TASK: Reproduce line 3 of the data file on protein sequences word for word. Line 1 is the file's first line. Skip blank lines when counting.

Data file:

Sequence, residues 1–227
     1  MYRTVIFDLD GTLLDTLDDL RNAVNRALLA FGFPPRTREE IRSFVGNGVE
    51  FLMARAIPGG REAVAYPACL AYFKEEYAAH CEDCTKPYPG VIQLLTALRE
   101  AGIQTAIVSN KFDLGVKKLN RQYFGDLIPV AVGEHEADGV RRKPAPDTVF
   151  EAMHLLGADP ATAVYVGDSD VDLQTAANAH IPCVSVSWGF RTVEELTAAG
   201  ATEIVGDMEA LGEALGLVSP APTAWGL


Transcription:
    51  FLMARAIPGG REAVAYPACL AYFKEEYAAH CEDCTKPYPG VIQLLTALRE